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Conservation adventures, worldwide

Posted by Hannah Field at Aug 22, 2013 08:24 PM |

Meet Hannah, our newest wolf program intern, and the critters she's seen across the world!

Conservation adventures, worldwide

Not a typical Cascades remote camera shot! An ocelot in Monteverde Cloud Forest, Costa Rica

I’m Hannah, the newest Bellingham intern and a recent graduate in BSc (Hons) Animal Conservation Science from the University of Cumbria, England. This is my first time in the States, and I’m already appreciating the very welcoming nature of the people here. Jasmine showed me around and looked after me for my first few days. I house-sat during the first week for my host for the next few months, Mitch (looking after chickens, ducks, and cats is pretty easy!)

I have experience in a variety of conservation issues via my degree, fieldwork, and volunteer positions where I worked to educate the public on wildlife and environment. On a field studies trip to The Gambia, West Africa, I worked on a project to create a new method of monitoring vultures, which are in a critical state worldwide. We completed the first stages of creating, testing, and evaluating the new method whilst in The Gambia. I was also involved with remote camera trapping in Bijilo Forest there; setting up and monitoring the cameras with great success, including capturing video clips and photographs of civets, porcupine, and mongoose, amongst many other species. I also enjoyed bird-watching whilst there and made quite a list of sighted species.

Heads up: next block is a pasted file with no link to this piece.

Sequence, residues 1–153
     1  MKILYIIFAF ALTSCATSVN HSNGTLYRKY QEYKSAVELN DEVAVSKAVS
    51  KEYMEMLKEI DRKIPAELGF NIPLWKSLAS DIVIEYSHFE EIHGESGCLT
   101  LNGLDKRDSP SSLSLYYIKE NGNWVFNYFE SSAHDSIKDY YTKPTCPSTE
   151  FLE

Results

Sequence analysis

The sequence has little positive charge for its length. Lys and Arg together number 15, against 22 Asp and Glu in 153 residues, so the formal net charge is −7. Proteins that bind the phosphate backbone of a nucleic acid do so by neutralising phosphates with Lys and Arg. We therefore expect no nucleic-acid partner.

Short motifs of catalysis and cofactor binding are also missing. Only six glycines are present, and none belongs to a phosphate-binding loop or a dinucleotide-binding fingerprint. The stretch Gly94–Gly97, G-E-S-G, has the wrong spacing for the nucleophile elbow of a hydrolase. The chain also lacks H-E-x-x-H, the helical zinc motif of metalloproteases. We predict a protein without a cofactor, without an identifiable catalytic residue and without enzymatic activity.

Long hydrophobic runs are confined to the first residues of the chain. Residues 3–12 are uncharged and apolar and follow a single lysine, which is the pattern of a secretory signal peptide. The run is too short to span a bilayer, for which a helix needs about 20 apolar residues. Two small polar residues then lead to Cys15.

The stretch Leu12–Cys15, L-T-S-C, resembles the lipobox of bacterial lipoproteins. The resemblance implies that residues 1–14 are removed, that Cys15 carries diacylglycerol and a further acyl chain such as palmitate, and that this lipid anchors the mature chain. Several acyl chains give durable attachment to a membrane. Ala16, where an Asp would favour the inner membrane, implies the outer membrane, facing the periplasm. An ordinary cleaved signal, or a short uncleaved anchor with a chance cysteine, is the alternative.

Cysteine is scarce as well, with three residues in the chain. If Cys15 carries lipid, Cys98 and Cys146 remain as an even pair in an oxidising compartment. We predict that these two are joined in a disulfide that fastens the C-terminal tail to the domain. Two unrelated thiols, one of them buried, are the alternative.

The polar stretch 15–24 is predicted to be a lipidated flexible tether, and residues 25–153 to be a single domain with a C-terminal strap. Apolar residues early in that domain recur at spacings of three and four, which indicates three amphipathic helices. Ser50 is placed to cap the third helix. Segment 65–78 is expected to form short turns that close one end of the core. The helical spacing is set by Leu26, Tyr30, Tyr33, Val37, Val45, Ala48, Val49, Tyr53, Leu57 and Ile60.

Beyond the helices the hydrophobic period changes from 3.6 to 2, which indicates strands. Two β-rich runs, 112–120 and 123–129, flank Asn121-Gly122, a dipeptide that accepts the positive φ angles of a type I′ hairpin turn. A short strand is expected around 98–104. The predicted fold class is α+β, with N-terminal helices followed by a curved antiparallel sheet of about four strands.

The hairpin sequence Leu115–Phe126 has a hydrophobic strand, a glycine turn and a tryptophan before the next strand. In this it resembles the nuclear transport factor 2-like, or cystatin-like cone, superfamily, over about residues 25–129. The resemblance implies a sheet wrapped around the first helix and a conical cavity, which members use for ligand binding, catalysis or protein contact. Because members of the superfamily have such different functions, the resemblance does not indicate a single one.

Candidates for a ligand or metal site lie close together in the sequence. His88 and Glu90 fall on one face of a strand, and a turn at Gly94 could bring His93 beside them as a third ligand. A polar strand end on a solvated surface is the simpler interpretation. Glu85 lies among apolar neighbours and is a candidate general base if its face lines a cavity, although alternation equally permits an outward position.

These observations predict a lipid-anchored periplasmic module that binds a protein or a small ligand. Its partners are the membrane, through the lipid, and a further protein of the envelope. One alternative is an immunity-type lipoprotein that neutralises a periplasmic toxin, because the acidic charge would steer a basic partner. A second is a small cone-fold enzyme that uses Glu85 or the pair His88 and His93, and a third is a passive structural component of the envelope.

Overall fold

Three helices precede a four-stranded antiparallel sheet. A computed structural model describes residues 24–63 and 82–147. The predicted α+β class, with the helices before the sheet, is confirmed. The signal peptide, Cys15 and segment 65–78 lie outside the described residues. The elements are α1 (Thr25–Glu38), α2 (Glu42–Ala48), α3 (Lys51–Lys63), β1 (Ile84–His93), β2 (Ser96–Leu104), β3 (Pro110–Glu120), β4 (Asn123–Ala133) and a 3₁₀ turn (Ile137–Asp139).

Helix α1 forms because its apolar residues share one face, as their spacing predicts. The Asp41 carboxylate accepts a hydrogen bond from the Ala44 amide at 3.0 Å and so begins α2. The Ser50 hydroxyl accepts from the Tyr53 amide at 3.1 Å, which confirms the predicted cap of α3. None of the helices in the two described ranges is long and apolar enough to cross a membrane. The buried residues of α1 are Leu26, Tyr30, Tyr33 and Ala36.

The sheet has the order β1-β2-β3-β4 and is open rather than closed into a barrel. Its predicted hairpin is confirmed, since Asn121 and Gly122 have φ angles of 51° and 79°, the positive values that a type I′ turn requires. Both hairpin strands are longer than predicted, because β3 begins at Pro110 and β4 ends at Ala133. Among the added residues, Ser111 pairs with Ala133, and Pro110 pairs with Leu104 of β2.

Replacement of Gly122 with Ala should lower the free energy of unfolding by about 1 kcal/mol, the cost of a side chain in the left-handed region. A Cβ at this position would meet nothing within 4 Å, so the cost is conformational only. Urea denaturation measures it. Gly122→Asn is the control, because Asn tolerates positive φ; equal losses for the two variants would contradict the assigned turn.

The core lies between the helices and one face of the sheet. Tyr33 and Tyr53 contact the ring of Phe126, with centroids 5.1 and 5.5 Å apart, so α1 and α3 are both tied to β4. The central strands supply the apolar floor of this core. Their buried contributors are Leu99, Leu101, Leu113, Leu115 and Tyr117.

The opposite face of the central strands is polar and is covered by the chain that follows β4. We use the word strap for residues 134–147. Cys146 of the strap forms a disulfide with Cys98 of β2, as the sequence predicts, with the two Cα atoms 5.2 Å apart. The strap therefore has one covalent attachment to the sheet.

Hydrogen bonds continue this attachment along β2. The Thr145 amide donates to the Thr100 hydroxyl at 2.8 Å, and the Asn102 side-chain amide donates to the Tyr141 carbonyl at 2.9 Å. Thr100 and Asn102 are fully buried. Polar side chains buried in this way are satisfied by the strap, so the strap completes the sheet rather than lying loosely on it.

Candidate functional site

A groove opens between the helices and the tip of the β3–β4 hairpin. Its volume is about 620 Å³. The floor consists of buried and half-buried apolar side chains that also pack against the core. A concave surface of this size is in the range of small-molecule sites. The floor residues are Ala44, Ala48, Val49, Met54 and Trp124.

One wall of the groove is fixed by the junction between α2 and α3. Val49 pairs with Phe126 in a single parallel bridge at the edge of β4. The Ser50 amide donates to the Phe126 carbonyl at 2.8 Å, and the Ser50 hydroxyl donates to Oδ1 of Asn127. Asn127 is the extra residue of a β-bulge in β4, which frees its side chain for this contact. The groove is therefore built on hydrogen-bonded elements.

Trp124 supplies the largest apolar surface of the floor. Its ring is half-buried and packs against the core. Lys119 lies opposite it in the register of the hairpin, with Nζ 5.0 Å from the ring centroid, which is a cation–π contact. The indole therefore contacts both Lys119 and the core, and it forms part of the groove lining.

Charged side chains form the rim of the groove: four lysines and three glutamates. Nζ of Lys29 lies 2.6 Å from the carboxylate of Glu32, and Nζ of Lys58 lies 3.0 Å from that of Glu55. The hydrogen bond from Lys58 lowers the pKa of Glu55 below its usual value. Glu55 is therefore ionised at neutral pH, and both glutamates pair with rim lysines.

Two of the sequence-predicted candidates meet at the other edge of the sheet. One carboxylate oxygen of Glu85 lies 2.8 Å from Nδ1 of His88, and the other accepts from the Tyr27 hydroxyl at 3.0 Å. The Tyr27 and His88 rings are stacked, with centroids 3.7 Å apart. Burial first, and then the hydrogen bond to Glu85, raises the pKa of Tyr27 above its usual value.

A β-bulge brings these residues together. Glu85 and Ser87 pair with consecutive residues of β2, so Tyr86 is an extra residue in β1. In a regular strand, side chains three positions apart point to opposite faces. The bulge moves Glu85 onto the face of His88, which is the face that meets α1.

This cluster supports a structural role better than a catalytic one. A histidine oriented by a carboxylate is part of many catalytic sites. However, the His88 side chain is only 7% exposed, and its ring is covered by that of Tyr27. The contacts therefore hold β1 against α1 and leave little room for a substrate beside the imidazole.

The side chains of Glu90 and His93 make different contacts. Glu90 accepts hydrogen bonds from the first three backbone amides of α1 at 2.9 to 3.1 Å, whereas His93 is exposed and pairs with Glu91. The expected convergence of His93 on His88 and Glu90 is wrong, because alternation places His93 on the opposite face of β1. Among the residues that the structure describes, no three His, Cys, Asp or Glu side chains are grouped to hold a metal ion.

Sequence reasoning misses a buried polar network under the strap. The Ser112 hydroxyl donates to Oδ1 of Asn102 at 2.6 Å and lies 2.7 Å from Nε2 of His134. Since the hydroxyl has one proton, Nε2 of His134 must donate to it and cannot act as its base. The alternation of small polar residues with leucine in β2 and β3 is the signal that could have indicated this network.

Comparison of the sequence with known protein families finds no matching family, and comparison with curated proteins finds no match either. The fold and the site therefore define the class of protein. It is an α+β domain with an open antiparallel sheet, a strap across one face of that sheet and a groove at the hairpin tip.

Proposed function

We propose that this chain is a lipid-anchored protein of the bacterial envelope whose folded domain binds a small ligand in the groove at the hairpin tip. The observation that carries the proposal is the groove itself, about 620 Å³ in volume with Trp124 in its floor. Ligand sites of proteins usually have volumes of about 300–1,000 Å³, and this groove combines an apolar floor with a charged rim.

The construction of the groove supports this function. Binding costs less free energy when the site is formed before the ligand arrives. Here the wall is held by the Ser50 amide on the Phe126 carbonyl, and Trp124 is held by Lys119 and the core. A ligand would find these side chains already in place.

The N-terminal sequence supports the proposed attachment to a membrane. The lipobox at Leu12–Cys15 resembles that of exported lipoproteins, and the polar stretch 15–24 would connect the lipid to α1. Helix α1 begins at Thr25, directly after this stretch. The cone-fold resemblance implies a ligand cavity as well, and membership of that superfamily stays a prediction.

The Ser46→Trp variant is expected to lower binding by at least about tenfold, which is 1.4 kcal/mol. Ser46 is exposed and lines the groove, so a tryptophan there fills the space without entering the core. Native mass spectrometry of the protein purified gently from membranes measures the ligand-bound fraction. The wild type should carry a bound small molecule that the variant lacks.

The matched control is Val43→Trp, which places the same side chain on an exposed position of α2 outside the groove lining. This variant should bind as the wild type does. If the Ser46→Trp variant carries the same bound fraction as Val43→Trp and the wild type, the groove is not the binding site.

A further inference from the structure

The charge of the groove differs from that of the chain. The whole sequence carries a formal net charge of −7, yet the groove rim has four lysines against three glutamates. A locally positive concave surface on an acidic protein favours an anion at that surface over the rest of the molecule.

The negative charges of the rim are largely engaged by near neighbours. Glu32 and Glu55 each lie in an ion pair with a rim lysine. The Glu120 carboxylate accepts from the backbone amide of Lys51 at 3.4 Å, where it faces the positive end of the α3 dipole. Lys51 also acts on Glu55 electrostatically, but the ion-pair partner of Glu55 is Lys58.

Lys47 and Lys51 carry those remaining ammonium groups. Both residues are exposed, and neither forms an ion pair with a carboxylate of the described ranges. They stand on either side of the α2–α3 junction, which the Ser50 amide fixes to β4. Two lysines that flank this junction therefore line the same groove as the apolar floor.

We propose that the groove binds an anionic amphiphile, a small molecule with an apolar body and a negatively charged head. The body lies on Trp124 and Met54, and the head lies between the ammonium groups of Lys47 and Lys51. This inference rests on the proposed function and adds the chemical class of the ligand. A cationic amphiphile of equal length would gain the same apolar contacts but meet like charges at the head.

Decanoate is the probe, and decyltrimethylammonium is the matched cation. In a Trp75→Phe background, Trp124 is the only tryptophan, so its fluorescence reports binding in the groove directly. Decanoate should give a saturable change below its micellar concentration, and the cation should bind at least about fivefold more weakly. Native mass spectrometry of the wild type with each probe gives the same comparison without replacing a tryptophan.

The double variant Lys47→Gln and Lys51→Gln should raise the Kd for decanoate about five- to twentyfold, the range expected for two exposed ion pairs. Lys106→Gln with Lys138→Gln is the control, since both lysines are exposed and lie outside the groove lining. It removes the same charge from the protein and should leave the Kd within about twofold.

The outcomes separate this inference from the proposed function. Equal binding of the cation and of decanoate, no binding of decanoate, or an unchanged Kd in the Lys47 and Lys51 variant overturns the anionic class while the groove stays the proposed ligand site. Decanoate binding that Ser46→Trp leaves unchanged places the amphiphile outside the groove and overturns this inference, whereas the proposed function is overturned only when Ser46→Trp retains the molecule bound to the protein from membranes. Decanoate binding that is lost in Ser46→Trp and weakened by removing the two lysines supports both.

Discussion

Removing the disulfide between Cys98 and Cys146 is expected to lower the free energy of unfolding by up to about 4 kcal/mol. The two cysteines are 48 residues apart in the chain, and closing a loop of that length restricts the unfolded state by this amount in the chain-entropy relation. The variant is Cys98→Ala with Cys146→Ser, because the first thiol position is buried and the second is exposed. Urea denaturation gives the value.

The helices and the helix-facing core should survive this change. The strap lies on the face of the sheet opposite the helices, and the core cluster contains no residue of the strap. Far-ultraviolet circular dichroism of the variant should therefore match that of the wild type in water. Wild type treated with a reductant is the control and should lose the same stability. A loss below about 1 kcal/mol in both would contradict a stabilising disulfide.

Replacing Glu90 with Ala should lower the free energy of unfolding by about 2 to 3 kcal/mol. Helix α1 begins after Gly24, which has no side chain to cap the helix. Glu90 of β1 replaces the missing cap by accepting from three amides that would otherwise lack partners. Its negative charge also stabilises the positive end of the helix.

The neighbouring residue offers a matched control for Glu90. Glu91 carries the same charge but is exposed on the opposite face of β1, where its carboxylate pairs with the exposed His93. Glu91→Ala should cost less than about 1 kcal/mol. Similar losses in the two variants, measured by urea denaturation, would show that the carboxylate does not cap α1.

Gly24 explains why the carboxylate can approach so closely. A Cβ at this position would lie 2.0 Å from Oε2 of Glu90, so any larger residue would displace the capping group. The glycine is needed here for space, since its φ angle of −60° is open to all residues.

Hannah and her dissertation poster

The next big conservation event for me was traveling to Costa Rica last summer to complete my undergraduate dissertation fieldwork. I studied hummingbirds, bees, and butterflies in the understory of Cloud Forest in Monteverde, comparing pollination activity and vegetation structure between primary forest and secondary forest. I also used remote camera trapping there, where I was lucky enough to capture an ocelot (the first recorded on the reserve) amongst other species including peccaries and white-nosed coati.  Unfortunately, I also got photos of poachers and their dogs.

I first came into contact with Jasmine via my own blog, where I posted a review of the BBC Lost Land of the Wolves documentary and other information on wolves I had learned. We then carried on connecting over e-mail and eventually Skype where I was offered the internship here. I have always wanted to work within wolf conservation and this is a fantastic opportunity for gaining experience in the various elements required to make wolf recovery a reality. The more I read, the more I begin to appreciate how much work and commitment is needed for the success of these projects. I hope to be involved with the vital outreach and education work, research projects and the fieldwork monitoring wildlife activity here.

I'm excited to get started!

 

 

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One more thing

Posted by Jasmine Minbashian at Aug 26, 2013 12:57 PM
She forgot to mention that she loves to play the banjo and brought hers with her all the way from England! Very cool. And she likes horses, so we've had no trouble getting along! :)

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